That’s a massive failure, and it’s closely related to underfunding – which has been known since 2007, when the state issued a report about real costs. We’ll bring that to the attention of the courts and the public.

Q.: The counter-argument is that we need to reduce costs, not spend more. Why shouldn’t Philadelphia be thinking about strategically increasing charter enrollment? Would that drive costs down?

A.: There’s no evidence that that really does, or that it’s sustainable over any length of time. That strategy relies on churn — lots of young teachers who turn over constantly. That is the enemy of a slow-and-steady progress model.

In Chester, for example, they have the largest charter population of any district in the state [by percentage], but they’re no further ahead than other students. But it does cost a great deal more, and a lot of that money is being funneled off into private payrolls.

I think everybody’s been surprised at some of the good things we’ve seen in charters that can be used in regular schools.

But we need to find ways that we adapt those, rather than create so much change that it sets back progress. We don’t want a two-tiered system. We don’t want public schools to be only for those who can’t figure out how to get out of them. What happens inevitably as you privatize is, things become stratified. To me, that would be far too high a price to pay.

Meredith Broussard, a professor of data journalism at Temple University, was helping her son with his homework, and she made a discovery: he could not find “the right answer” to homework questions unless they were in the textbook. But on further investigation, she learned that the public schools of Philadelphia don’t have a textbook budget. So not only do students not have access to the answers that will be on the test, they don’t have a chance to succeed.

In an article that she wrote for “The Atlantic,” she concluded that after $1 billion in state budget cuts, the Philadelphia public schools had a budget of $0 for textbooks. These students don’t have a chance.

In 2013, the National Council on Teacher Quality offered its advice on how to fix Philadelphia’s financially beleaguered public schools. Retired teacher Lisa Haver reviewed its counsel to the city. Haver is a founder of the grass-roots advocacy organization Alliance for Philadelphia Public Schools.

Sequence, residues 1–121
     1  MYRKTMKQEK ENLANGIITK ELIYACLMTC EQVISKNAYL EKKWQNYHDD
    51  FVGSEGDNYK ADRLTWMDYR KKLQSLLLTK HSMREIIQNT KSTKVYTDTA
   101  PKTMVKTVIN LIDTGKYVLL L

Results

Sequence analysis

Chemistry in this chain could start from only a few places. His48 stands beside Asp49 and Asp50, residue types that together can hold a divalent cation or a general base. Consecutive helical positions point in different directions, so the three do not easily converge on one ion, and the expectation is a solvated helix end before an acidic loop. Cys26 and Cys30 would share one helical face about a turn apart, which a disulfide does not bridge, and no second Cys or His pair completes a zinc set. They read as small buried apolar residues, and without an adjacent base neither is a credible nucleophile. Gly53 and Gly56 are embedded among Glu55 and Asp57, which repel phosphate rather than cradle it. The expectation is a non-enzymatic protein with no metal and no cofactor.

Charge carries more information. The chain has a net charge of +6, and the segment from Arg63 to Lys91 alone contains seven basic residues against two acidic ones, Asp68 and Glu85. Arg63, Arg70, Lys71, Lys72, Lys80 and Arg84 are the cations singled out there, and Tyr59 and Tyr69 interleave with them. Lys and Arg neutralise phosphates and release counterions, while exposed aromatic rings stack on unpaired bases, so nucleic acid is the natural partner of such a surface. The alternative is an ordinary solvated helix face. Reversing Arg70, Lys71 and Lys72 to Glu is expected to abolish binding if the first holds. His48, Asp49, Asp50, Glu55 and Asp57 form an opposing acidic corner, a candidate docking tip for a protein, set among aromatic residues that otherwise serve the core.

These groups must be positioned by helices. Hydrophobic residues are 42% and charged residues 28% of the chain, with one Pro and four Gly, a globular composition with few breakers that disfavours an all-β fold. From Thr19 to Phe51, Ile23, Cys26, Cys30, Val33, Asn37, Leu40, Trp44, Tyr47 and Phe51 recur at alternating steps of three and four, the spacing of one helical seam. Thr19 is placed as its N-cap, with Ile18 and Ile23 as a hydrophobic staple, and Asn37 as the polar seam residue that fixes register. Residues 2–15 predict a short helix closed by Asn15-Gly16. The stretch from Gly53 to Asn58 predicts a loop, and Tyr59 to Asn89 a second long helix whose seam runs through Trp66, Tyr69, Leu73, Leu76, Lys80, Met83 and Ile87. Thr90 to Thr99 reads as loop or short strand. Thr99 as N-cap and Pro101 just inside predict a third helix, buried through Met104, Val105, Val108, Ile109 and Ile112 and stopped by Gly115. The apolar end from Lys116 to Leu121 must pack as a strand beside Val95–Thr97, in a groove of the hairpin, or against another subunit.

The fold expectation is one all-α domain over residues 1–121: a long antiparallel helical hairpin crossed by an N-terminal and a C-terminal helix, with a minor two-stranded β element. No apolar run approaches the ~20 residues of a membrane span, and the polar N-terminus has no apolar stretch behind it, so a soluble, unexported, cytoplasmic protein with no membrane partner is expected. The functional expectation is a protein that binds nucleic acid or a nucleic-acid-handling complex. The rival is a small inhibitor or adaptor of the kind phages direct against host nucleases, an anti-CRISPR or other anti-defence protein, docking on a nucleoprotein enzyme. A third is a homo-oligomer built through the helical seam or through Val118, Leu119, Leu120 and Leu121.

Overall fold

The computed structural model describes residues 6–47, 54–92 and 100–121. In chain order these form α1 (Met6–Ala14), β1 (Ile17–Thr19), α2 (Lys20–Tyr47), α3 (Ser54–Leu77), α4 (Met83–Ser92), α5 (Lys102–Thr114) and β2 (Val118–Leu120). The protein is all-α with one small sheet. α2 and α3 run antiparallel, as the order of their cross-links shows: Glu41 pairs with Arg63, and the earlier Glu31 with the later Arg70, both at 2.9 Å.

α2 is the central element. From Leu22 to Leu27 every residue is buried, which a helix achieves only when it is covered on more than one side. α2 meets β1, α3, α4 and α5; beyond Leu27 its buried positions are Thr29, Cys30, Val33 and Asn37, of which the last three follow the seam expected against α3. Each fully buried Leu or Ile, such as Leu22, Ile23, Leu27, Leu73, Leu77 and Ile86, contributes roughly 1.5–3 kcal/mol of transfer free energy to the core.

In this article, Haver wrote:

“”Thank heavens,” you’re thinking. The district is so broke it’s looking for loose change in the corner of desk drawers; thousands of students and teachers whose schools will close forever in June don’t know where they’ll be in September; parents wonder whether their children will have access to a nurse or counselor, or remember what a school librarian is; Harrisburg says don’t call us – we’ll call you.

“What does the Council [NCTQ] recommend that the district do to solve these problems? Crack down on teachers who get too many sick days, don’t deserve collective-bargaining rights, are too hard to fire and waste time getting advanced degrees in their field.”

This is the same organization that recently “rated” the nation’s teacher preparation programs without going to the trouble of visiting the campuses.

The state-operated school district of Philadelphia bluntly admitted it could not afford to provide a sound basic education to the children of the district. It sought court approval for continuing to short-change the children of Philadelphia.

The Education Law Center reports:

“In March, Philadelphia’s state-operated school district filed an extraordinary legal complaint with the Pennsylvania Supreme Court. The lawsuit asks the Court to approve changes in school staffing levels and the way teachers are transferred and laid off, effectively nullifying portions of a collective bargaining agreement between the Philadelphia School District and the teachers union.

“Much attention has focused on the district’s request for changes in teacher staffing and work rules. But unnoticed is the district’s stark admission of the deplorable conditions that Philadelphia’s school children must endure after 17 years of direct state control over their education.

“In the court filing, the district says it wants to ease lay-off and transfer rules caused by an “unprecedented gap” between available funding and what’s needed just to maintain services at “prior year” levels. The district then describes the services it hopes to maintain, levels so palpably inadequate as to fall far below even minimum education standards.

“The complaint details the sub-basic education programs and support services now in district-operated schools. The district describes teacher and support staff as “bare bones,” at levels “20 percent smaller than the year before and 33 percent than just three years ago.” The district concedes it has made “very steep” layoffs, a one-third reduction in employees in just three years, leaving schools with “barely adequate” staffing.

“The district goes on to catalogue a parade of resource deficits plaguing the system: over 40 schools with no guidance counselor of its own; three-fourths of schools with no librarian assistant; and “significant cuts” to instructional materials and supplies, enrichment opportunities for students, extracurricular activities, administrative support and school cleaning services. And, of course, as parents of Philadelphia children know all too well: closing 24 neighborhood public schools.